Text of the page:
It’s Not Always What You Say, But How You Say It
by Lynne B. Hare
When my daughter Jennifer was in third grade, her teacher, Mrs. M., gave her an assignment to divide the number 12: first by six, then by four, then three, two, one and zero. She came to me and said, “Daddy, I can do them all but the last one. How many times will zero go into 12?”
“Hold out your hand,” I said. “Now I’m going to put nothing in it. Now I’m going to do it again. How long do you suppose I can keep doing that?”
“Forever!” she exclaimed.
“Then that’s how many times zero will go into 12.”
Jennifer put “forever” in the blank provided on Mrs. M.’s homework sheet. Two days later, she got her paper back with that one marked wrong. She bristled. Ever since I’ve known her, she has spoken truth to power. True to form, she accosted Mrs. M. after school. Mrs. M. said the answer was zero. Jennifer started to explain how it wasn’t: “Here, Mrs. M.,” she said, “hold out your hand.” Mrs. M. was having none of that.
Jennifer, unwilling to accept a rebuke, played her trump card. As Mrs. M. was heading back toward the front of the room, Jennifer said, “The answer is ‘forever.’ My daddy is a numbers doctor, and he said so!”
Saying It the Right Way
Being right isn’t always enough. Quite often, the way we are right makes the difference. Evidence to that effect is taken from Jack Youden, beloved chemist and statistician who served at the National Bureau of Standards, now the National Institute for Standards and Technology, from 1948 until his death in 1971. As his colleagues attest, he seemed always to know the right thing to say to persuade others toward his point of view.
Among his many contributions to the statistical body of knowledge is the Youden plot, which has proven extremely useful in the analysis and interpretation of data generated by interlaboratory studies. For these studies, Youden recommended that two nearly identical samples be prepared, divided and sent to each of the participating laboratories. The resulting data was used to check laboratory alignment. Table 1 shows a sample data set. The tabled numbers are scaled from an actual interlaboratory study of vitamin A analysis.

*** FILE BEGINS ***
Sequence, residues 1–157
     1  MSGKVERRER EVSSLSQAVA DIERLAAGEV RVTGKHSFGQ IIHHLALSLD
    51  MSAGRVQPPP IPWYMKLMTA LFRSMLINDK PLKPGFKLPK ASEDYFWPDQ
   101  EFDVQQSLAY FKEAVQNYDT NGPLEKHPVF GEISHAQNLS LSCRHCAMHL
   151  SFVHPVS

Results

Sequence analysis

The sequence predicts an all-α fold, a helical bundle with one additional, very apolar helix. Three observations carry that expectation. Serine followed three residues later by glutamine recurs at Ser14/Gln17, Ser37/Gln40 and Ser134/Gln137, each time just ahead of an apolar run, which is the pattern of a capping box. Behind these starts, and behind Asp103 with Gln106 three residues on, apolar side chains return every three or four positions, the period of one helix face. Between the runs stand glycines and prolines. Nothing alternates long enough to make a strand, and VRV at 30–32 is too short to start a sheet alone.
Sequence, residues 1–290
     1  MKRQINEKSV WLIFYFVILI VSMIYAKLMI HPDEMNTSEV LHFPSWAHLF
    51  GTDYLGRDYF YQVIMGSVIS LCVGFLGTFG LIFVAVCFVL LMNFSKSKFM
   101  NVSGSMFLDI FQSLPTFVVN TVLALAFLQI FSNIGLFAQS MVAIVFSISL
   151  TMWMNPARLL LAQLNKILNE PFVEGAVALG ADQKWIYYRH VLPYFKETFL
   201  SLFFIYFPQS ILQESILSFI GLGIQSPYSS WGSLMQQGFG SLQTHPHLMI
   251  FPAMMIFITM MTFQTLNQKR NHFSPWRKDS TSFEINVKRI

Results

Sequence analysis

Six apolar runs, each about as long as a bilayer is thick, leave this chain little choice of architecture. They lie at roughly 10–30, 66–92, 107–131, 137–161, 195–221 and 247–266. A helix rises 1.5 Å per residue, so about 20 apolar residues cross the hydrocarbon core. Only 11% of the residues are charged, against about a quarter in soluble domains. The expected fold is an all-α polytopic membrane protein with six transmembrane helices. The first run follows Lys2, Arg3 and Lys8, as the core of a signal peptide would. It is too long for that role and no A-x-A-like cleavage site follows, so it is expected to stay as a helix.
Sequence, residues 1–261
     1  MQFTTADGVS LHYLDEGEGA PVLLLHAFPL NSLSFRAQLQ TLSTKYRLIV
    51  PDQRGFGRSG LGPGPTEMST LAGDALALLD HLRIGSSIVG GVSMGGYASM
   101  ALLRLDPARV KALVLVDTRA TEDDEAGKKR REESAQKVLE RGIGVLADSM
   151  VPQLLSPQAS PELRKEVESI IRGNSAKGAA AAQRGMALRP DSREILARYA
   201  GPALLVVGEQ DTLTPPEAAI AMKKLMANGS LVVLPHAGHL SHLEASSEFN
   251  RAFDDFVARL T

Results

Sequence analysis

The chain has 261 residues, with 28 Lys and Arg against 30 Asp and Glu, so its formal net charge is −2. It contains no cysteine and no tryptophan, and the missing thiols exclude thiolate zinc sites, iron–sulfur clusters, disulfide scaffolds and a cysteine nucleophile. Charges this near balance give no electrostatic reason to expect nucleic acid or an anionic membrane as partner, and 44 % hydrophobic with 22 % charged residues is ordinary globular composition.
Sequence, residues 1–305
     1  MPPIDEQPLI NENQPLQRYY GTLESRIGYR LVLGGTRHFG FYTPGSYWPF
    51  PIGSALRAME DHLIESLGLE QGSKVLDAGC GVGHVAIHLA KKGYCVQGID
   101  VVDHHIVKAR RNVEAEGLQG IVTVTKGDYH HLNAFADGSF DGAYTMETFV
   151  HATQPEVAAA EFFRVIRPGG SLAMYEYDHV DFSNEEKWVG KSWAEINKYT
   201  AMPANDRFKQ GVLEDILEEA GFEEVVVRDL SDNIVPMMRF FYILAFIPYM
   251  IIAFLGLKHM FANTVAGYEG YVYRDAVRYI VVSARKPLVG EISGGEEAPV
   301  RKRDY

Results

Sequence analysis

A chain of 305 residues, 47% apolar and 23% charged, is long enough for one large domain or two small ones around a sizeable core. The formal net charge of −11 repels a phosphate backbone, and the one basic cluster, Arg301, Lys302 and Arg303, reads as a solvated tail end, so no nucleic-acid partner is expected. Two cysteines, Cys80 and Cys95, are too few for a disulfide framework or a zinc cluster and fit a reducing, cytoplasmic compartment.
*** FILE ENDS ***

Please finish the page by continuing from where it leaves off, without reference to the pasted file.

While the study design is simple enough, Youden was disappointed with statistical statements based on the analysis of variance, calculation of variance components and other summary figures typically generated by statisticians. Not that statisticians’ hearts aren’t in the right place—perish the thought!—but chemists just didn’t understand what the statisticians were talking about.
His invention, which we now call the Youden plot, is simply constructed. On a sheet of graph paper—remember that?—mark off convenient increments spanning the range of the data, first on the horizontal axis and then the same on the vertical axis.
Each laboratory’s plotted point is the intersection of its first replicate value on the horizontal axis and its corresponding second replicate value on the vertical axis.
Therefore, the graph will show as many plotted points as there are laboratories. Figure 1 displays the data in Table 1 and the features of the Youden plot.
In Figure 1, the proximity of the laboratory’s plotted point to a diagonal line with slope 1 and intercept zero shows agreement of replicates. Notice that laboratory M, and, to a lesser extent, laboratory E, show high variation between duplicates. From his writings, it is clear Youden would share these results confidentially to the respective laboratories and offer them a second opportunity. That’s good statistical bedside manner.
Youden’s Theory Resonates With Modern Statisticians
The scientific world is better for having theoretical underpinnings for all tools and techniques.
In his unpublished manuscript, “Youden’s Legacy in Metrology,” my friend, Mark Vangel, assistant professor in radiology at Harvard Medical School and statistician at Massachusetts General Hospital, pointed out, “Youden would not have much use for this [following] theory, but it is interesting, and it can aid in the construction and interpretation of the plots.